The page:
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Patterns and Mechanisms of Evolution of Island Plants

Kim, Seung-Chul [1].

Genetic architecture of species differences in the woody Sonchus alliance in the Canary Islands.

Adaptive radiation is perhaps the most widespread form of speciation on oceanic islands. Numerous molecular phylogenetic studies of adaptive radiation in several archipelagoes have been carried out to infer the history of organismal evolution and to understand the underlying evolutionary processes. However, we know very little about the genetic basis of species differences in relation to adaptive radiation in island settings. In this study, the genetic architecture of species differences and adaptive radiation was investigated using the woody Sonchus alliance (Asteraceae: Lactuceae) in the Canary Islands. Two allopatric but closely related species, Sonchus radicatus and Lactucosonchus webbii, were crossed and a backcross mapping population was generated. Sonchus radicatus is a woody perennial and primarily occurs in coastal ancient basal cliffs. In contrast, Lactucosonchus webbii is an herbaceous perennial and occurs in the understory of pine forest. The genetic linkage map was constructed based on AFLP markers and QTL analysis of morphological, life history, and ecophysiological traits were carried out. The number and magnitude of effects of genes controlling morphological, life history, and ecophysiological trait differences involved in adaptive radiation will be discussed.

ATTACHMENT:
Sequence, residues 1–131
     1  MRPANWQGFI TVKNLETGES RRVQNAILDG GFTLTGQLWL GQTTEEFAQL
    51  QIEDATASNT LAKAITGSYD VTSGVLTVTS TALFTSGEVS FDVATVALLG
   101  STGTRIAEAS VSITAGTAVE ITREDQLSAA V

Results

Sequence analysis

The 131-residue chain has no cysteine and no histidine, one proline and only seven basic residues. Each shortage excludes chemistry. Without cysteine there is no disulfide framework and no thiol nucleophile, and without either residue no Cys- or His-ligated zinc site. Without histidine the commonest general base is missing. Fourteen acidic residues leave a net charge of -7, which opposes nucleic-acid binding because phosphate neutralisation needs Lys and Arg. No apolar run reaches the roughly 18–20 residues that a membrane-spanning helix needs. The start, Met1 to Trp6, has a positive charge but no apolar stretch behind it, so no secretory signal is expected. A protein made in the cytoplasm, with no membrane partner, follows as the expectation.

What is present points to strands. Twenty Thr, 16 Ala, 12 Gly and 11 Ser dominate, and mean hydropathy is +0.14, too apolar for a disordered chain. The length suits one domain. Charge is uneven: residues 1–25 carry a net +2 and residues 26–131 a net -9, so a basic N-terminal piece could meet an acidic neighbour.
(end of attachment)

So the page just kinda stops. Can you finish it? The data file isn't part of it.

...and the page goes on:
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1 - University of California, Botany and Plant Sciences, Riverside, California, 92521, USA

Adaptive radiation
woody Sonchus alliance
genetics of species differences.

Presentation Type: Symposium or Colloquium Presentation
Session: 50-5
Location: Salon J - Austin Grand Ballroom/Hilton
Date: Wednesday, August 17th, 2005
Time: 4:00 PM
Abstract ID:354

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